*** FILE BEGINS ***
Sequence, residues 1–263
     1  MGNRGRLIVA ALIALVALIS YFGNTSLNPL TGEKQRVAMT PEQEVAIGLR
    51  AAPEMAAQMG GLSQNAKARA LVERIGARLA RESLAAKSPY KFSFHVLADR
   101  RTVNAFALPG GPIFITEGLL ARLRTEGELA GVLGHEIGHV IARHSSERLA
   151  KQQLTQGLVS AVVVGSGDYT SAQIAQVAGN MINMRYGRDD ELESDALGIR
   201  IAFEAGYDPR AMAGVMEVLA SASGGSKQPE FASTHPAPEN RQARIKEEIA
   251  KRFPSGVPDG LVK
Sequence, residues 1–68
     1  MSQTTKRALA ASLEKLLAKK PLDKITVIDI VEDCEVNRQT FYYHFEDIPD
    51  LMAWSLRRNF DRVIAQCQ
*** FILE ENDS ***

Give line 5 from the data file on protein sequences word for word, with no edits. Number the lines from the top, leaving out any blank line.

   151  KQQLTQGLVS AVVVGSGDYT SAQIAQVAGN MINMRYGRDD ELESDALGIR